#SHORTVIEW: “The Sled”, by Emanuela Ponzano


A sled brings together two boys from different countries and cultures and carries them through the winter woods of the Italian mountains, far away from their parents’ prejudices and isolation.


> Racism is the main theme in your movie. How is the situation with racism in Italy?

I wrote the story in 2010, and we had a bit of a situation then with people coming from Albania, Romania and these places at the other side of the sea – but I couldn’t have imagined that some years later it would be so actual, and as time has passed, it has become more and more so, with the huge migration problem we’re suffering right now. The European Commission has left Italy alone against that problem, so the hate against migrants has been growing, and becoming more and more prevalent. In the beginning, it was only a concern about jobs, but by now, people are concerned about housing, food, and so on.

Italians themselves have forgotten that they themselves were once migrants, going to places like America and Belgium. For me, the story of Europe is the story of migration, so I think that it’s important to remember this thing, and specially important to teach them to children, because children start from the beginning, and they have a much bigger problem to be free and hold back prejudices than adult people do, when you have other problems to think about.

> Why is your short film focused on an interaction between children?

I think it’s very important for children to be free, and explore their own thoughts, and discover nature, and let themselves figure things out for themselves. You know, “xenophobia” is in itself a reaction to fear, or, in other words, a fear towards someone that you don’t know, and that is different from you in different ways. And that makes people feel uncomfortable, because that’s something that’s ingrained in nature.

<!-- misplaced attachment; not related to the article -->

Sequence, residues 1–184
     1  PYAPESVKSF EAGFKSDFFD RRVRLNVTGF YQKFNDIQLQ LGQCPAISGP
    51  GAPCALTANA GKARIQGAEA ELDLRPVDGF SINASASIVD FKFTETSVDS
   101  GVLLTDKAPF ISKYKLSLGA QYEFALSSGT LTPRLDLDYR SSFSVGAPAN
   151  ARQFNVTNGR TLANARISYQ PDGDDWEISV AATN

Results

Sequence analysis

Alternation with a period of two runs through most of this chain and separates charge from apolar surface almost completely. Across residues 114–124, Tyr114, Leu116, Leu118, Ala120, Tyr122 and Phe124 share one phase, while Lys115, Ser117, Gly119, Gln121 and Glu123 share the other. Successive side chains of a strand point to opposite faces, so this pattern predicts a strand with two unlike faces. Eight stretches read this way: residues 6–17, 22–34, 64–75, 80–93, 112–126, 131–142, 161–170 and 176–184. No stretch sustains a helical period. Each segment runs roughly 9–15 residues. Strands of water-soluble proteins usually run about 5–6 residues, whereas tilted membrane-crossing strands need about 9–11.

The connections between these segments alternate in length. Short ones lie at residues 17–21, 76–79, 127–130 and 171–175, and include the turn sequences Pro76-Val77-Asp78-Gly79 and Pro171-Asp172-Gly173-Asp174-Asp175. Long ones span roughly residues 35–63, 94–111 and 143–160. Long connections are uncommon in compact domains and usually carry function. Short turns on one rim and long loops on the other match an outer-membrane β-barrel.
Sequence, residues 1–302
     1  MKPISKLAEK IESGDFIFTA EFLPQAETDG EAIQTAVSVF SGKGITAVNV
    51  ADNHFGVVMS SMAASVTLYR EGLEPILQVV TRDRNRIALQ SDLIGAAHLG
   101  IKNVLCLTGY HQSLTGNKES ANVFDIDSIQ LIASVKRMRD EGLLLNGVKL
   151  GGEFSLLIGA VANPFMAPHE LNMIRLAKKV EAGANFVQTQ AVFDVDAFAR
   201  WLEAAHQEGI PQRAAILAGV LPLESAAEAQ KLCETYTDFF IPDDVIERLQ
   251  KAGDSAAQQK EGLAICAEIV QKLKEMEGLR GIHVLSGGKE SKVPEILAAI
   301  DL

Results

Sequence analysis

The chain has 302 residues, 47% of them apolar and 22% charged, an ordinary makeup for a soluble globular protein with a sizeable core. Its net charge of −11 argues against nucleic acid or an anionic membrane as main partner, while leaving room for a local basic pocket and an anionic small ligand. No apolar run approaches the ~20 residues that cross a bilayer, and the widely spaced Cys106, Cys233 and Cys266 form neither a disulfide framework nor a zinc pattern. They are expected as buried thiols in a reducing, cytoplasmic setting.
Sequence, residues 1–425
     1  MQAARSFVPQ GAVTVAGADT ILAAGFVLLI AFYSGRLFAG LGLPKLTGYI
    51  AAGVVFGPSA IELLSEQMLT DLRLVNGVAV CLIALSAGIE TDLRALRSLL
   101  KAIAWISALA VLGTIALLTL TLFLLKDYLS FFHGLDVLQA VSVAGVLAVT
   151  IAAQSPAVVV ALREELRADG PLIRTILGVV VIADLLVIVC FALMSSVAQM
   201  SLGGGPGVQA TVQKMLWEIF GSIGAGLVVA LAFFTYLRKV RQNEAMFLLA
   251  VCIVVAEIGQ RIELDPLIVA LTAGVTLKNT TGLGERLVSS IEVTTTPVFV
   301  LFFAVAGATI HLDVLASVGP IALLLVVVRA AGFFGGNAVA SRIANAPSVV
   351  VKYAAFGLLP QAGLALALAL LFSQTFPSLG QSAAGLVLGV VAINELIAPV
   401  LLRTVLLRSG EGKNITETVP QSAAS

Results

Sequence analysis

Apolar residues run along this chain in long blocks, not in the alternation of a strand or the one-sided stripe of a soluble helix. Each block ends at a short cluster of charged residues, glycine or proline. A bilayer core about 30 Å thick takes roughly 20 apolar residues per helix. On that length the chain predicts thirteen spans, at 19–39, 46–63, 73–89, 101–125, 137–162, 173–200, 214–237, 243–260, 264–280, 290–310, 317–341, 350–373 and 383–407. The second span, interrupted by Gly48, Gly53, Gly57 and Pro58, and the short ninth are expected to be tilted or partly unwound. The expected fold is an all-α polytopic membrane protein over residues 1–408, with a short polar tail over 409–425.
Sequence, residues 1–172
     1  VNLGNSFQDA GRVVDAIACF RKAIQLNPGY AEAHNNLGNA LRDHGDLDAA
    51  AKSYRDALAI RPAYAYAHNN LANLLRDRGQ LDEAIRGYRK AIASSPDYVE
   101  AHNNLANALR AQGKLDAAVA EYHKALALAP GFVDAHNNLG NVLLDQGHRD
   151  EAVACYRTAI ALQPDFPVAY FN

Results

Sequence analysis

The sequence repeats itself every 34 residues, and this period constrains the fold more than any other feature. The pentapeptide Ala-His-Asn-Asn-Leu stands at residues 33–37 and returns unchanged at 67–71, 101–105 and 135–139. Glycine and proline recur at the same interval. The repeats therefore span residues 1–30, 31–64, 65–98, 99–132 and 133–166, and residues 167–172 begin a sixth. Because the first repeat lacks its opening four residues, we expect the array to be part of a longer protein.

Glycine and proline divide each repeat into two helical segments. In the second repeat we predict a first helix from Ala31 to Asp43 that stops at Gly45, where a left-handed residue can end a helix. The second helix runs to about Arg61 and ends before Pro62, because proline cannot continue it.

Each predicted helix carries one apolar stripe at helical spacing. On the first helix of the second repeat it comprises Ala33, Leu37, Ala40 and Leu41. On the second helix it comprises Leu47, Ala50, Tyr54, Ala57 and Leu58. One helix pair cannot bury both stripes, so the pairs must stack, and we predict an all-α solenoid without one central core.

But in the film, you can see that, even though the children repeat what their parents have told them, there’s a moment in which they realize that there’s nothing wrong, that there’s nothing to worry about. And when they reach that point, they manage to be free and respect each other.

> How was your experience working with children?

I was very lucky. It’s not easy to work with children, you never know what kind of personality or attention you will find, or even if you should do a casting, but I really had the luck to find the perfect children to work with – they were completely prepared for this, and also very passionate, they studied the roles, even though for the Albanian boy, it was his first time acting. The other one was already a very serious child actor, and he wants to become an actor someday, which is incredible.

> How was the reception of the film? Was it as good as you expected?

When you do a short film, you never know if it’s going to work, if it’s going to be understood, and this kind of things – so I was very happy to see that the film was being screened all over the world, in many different cultures. When people from South America, and Europe, and Canada tell you that they’ve liked your film, it’s a really amazing feeling to have.

At the point of the interview, Emanuela was developing another short film about “the importance of memory”, set up in the Hungarian frontier after the Second World War, and the ways in which we could use our memory to “build a better future”.



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